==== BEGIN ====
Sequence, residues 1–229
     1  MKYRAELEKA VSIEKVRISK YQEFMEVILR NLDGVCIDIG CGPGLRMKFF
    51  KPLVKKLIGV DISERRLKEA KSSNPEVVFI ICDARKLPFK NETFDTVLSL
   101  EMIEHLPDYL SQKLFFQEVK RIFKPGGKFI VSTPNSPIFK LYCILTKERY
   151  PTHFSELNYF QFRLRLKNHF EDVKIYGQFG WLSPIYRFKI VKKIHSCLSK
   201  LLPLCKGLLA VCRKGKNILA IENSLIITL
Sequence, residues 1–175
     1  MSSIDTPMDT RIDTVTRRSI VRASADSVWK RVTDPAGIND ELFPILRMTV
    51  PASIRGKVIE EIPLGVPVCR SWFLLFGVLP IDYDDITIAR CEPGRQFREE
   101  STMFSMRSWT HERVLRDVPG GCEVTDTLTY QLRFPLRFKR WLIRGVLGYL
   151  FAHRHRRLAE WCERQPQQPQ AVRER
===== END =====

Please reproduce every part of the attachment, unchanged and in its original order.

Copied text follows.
Sequence, residues 1–229
     1  MKYRAELEKA VSIEKVRISK YQEFMEVILR NLDGVCIDIG CGPGLRMKFF
    51  KPLVKKLIGV DISERRLKEA KSSNPEVVFI ICDARKLPFK NETFDTVLSL
   101  EMIEHLPDYL SQKLFFQEVK RIFKPGGKFI VSTPNSPIFK LYCILTKERY
   151  PTHFSELNYF QFRLRLKNHF EDVKIYGQFG WLSPIYRFKI VKKIHSCLSK
   201  LLPLCKGLLA VCRKGKNILA IENSLIITL
Sequence, residues 1–175
     1  MSSIDTPMDT RIDTVTRRSI VRASADSVWK RVTDPAGIND ELFPILRMTV
    51  PASIRGKVIE EIPLGVPVCR SWFLLFGVLP IDYDDITIAR CEPGRQFREE
   101  STMFSMRSWT HERVLRDVPG GCEVTDTLTY QLRFPLRFKR WLIRGVLGYL
   151  FAHRHRRLAE WCERQPQQPQ AVRER